15 Ways to Get Even More from Your TTI Success Insights® DISC Report


Additional Ways to Leverage Your DISC Report

Have you recently completed a Talent Insights (DISC) report? Presented below are 15 ways to get even more from your DISC report!

Note About TTI Success Insights® DISC:

DISC is the most widely used behavioral assessment tool, measuring four behavioral styles: dominance, influence, steadiness, and compliance. DISC measures how a person behaves in order to understand your own strengths and opportunities better, learning strategies to meet the demands of your profession and act as a powerful change tool in your own life and professional career.


Your behaviors are an integral component of who you are. Your behaviors are formed inherently, as well as by your upbringing. Your behaviors are observable.

To get the most of out your TTI Success Insights® DISC Behaviors report, consider the following:

  1. Utilize the General Characteristics section as a baseline for understanding yourself. Highlight what you believe is accurate. Review this with someone who is close to you and compare. Did you find some differences? If yes, why do you think this is?
  2. Review the Value to the Organization section. Highlight the top three items you believe to be accurate. Develop a 1-2 minute elevator speech about yourself, that highlights these values.
  3. Consider the Checklist for Communicating. Select the top three Ways to Communicate that you agree with and discuss them with someone you work with or work for. By understanding these things, how can you improve the way you communicate together?
  4. Review the Ways NOT to Communicate. Investigate a situation at work or at home that you are frustrated or disappointed with. Are any of these methods of communication happening? If yes, what can you do to improve the communications in that situation?
  5. Select one of your Time Wasters. After reviewing the potential solutions, create an action plan that you can use to help reduce the time waster. Share this plan with someone you live or work with that will hold you accountable.

Driving Forces

Your Driving Forces, or motivators, help you understand why you do what you do, or why you behave in certain ways. By understanding the driving forces behind your behaviors, you can better understand the causes of conflict.

To get the most of out your 12 Driving Forces® report, consider the following:

  1. Consider the General Characteristics section as a baseline for understanding your driving forces. Highlight what you believe is accurate. Review this with someone who is close to you and compare. Did you find some differences? If yes, why do you think this is?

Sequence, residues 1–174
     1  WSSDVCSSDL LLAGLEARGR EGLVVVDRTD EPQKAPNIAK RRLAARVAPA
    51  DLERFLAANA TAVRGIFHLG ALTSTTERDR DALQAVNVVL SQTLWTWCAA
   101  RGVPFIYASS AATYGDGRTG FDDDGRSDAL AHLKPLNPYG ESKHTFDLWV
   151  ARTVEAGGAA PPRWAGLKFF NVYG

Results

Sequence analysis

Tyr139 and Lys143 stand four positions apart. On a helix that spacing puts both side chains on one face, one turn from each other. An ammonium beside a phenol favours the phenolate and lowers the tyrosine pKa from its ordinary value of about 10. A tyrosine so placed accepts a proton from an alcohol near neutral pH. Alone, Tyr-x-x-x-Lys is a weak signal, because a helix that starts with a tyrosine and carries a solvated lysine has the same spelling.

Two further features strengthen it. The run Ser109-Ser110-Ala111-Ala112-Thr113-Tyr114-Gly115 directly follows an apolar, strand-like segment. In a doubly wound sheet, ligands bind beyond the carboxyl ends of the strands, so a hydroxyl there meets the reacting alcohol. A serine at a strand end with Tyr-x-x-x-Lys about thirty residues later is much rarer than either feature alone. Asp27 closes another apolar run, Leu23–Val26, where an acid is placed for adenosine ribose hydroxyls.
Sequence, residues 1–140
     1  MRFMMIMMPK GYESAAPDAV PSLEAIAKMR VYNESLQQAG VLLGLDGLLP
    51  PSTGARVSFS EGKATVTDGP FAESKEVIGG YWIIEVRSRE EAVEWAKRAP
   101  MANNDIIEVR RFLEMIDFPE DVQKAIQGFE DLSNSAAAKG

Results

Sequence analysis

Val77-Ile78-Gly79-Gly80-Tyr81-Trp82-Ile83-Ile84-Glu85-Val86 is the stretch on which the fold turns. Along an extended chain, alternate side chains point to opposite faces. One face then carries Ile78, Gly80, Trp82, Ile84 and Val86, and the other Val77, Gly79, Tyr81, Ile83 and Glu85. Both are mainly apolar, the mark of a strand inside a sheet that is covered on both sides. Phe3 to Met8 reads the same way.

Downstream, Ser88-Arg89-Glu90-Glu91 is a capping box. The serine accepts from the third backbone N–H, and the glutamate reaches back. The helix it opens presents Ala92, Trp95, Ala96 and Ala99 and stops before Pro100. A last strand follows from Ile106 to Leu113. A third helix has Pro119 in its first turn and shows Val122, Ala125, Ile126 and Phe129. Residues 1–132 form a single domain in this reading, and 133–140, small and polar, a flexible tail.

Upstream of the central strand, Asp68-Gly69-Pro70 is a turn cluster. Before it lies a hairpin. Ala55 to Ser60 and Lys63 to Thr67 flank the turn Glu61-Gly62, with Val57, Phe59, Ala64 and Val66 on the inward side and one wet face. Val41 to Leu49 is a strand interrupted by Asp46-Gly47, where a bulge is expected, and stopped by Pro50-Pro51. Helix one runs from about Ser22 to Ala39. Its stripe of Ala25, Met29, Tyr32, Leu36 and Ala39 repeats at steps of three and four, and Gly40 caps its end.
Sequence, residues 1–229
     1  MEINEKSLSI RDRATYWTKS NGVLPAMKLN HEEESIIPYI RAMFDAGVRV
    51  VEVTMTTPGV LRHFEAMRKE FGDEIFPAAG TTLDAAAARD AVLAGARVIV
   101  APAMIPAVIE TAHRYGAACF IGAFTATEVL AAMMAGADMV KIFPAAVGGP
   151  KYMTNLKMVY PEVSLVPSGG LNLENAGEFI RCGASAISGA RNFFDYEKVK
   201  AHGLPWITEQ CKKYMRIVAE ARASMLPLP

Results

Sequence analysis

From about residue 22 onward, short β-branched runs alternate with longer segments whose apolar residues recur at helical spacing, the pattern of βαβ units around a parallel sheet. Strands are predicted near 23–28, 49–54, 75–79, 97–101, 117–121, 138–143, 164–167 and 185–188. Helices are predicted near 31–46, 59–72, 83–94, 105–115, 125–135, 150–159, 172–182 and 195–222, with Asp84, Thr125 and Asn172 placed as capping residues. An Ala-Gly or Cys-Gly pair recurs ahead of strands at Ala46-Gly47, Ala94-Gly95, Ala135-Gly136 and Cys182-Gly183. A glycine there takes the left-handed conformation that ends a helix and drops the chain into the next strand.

2. Review your Primary Driving Forces cluster. Reflect on how your primary driving forces complement each other and how they drive your behaviors.
  3. Review your Situational Driving Forces cluster. Identify different situations when these may come into play and how they reflect upon your actions.
  4. Review your Indifferent Driving Forces cluster. Identify a situation where your indifference may negatively impact someone else’s reaction, that you may not have even realized. How can you prevent this in the future?
  5. Check our Areas of Awareness. Identify a situation where you feel energized by the people around you. Conversely, identify a situation where you feel the opposite. Identify your behavior in this situation. How do you think your driving forces reflect upon those?

Integrating Behaviors and Motivators

Your satisfaction in what you do comes from the blending of behaviors and motivators. Your behaviors and motivators work together to show your strengths, conflict, ideal environment, keys for motivating, and keys for managing.

To get the most of out Integrating Behaviors and Motivators report, consider the following:

  1. Review your Behavioral and Motivational Strengths. Identify three strengths that you want to maximize. Develop an action plan on how you will do this and share it with an accountability partner or coach.
  2. Review your Potential Behavioral and Motivational Conflicts. Identify three conflicts on the list and identify what happens when they occur (for example, do you check out or display anger?) How can you better manage this in a future situation?
  3. Select your top three Ideal Environment factors. How do these relate to your current situation? Identify what actions you can take to narrow the gap between your current situation and your ideal environment.
  4. Check the Keys to Motivating section. Review the list, cross of any that you do not agree with. Review the remaining items and determine if they existing in your current environment. If they do not, make an action to discuss with an individual (such as a manager, co-worker, etc.) who can potentially help work these into your situation.
  5. Reflect upon the Keys to Managing. Identify the top three statements most important to you. Identify how you can bring these into your own personal management plan as well as discuss these with your manager or boss.

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